By Dana Milbank
WASHINGTON – Tea Party titan Rand Paul, visiting Howard University on Wednesday, told students that he had been called “either brave or crazy to be here” at the historically black college.
Probably some of each: brave, because he’s trying to sell himself and fellow Republicans to African-Americans, a singularly resistant demographic; and crazy, because he based his pitch on revised history and airbrushed facts – and the Howard kids weren’t fooled.
“No Republican questions or disputes civil rights,” the senator from Kentucky proclaimed. “I’ve never wavered in my support for civil rights or the Civil Rights Act.”
As a candidate in 2010, Paul questioned the constitutionality of the Civil Rights Act’s Title II, which prohibits private discrimination. “I don’t want to be associated with those people,” he said when MSNBC’s Rachel Maddow asked him about private businesses that refuse to serve black customers, “but I also don’t want to limit their speech in any way in the sense that we tolerate boorish and uncivilized behavior ….”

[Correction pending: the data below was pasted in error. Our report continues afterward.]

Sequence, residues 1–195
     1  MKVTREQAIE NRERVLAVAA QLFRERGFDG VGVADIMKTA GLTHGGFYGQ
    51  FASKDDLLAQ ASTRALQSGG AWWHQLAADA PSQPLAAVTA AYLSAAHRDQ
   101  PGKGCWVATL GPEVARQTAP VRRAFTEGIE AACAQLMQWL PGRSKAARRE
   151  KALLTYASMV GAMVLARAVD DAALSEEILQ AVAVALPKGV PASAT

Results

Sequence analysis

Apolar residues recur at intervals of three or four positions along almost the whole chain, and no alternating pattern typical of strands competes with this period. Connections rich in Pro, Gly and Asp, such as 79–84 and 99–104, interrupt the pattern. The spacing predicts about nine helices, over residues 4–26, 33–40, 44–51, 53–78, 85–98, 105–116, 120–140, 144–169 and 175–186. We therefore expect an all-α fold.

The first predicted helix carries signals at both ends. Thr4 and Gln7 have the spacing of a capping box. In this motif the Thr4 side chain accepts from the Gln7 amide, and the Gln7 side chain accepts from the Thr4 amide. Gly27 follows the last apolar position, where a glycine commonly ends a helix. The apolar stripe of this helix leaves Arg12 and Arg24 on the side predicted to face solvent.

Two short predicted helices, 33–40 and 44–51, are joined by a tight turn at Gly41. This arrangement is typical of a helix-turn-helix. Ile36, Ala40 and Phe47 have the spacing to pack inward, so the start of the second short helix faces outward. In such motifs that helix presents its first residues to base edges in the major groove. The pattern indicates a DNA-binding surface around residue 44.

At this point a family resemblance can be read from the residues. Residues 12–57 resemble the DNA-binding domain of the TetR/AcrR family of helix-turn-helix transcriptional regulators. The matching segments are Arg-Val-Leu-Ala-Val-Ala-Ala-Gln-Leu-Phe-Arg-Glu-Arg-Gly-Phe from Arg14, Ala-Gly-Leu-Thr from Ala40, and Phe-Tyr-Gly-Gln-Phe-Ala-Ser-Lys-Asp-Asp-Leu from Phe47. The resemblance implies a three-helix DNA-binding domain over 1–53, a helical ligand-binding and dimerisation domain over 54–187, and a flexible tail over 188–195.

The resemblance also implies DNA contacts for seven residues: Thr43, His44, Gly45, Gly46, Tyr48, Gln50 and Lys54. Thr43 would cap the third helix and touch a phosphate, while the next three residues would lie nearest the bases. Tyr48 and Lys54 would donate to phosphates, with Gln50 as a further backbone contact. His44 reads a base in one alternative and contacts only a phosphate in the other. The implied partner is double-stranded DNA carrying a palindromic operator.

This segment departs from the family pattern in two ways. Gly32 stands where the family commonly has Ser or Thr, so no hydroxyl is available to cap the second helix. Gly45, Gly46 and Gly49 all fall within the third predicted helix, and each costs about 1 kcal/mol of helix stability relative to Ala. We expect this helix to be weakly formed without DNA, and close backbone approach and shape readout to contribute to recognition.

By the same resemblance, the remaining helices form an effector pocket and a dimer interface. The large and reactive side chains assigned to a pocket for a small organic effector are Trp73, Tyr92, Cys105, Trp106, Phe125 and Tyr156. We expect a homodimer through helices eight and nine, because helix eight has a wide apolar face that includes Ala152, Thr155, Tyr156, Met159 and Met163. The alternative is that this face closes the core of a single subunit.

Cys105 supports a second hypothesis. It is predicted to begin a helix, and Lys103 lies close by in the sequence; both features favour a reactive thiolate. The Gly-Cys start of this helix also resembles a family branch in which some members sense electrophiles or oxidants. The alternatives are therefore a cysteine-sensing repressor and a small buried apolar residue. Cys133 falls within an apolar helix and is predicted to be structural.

Asked by the moderator at Howard to explain his claim that he never spoke out against the Civil Rights Act, Paul provided the creative rationale that he was talking “about the ramifications of certain portions of the Civil Rights Act beyond race, as are now being applied to smoking, menus, listing calories and things on menus and guns.”
Paul acknowledged that his wooing of African-Americans “is an uphill battle,” and his hour with the students confirmed this. “If I were to have said, ‘Who do you think the founders of the NAACP are?’ … would everybody in here know they were all Republicans?”
“Yes,” several could be heard grumbling. “Of course they would,” one woman informed him.
Paul dug himself in deeper. “I don’t know what you know,” he said.
They knew enough to be suspicious of his central argument: that Abraham Lincoln’s Republican Party is the same Republican Party that now dominates the South.
A student questioner sought clarification. “Are we discussing the Republican Party of the 19th century?” he asked, to applause. “Or are we discussing the post-1968 Republican Party?”
“The argument I’m trying to make is we haven’t changed,” Paul proposed.
The Howard students weren’t hostile to the senator as much as indifferent.
“I come to Howard,” Paul said, “to say I want a government that leaves you alone.” He argued that “objective evidence shows that big government is not a friend to African-Americans.”
Freshman Keenan Glover disagreed. “I want a government that’s going to help me,” he said. “I want a government that’s going to help me pay for my college education.”
“We can disagree,” the senator said, then upgraded his pessimism. “Probably, we’re going to end up disagreeing.”
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